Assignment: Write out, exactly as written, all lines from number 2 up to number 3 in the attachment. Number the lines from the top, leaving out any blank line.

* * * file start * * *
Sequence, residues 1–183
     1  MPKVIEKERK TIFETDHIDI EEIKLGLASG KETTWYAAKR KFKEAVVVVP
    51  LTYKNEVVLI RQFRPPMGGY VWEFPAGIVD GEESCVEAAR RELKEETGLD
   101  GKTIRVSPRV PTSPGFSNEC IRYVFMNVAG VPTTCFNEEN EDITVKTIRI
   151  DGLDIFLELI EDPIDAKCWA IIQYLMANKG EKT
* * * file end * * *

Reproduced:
     1  MPKVIEKERK TIFETDHIDI EEIKLGLASG KETTWYAAKR KFKEAVVVVP
    51  LTYKNEVVLI RQFRPPMGGY VWEFPAGIVD GEESCVEAAR RELKEETGLD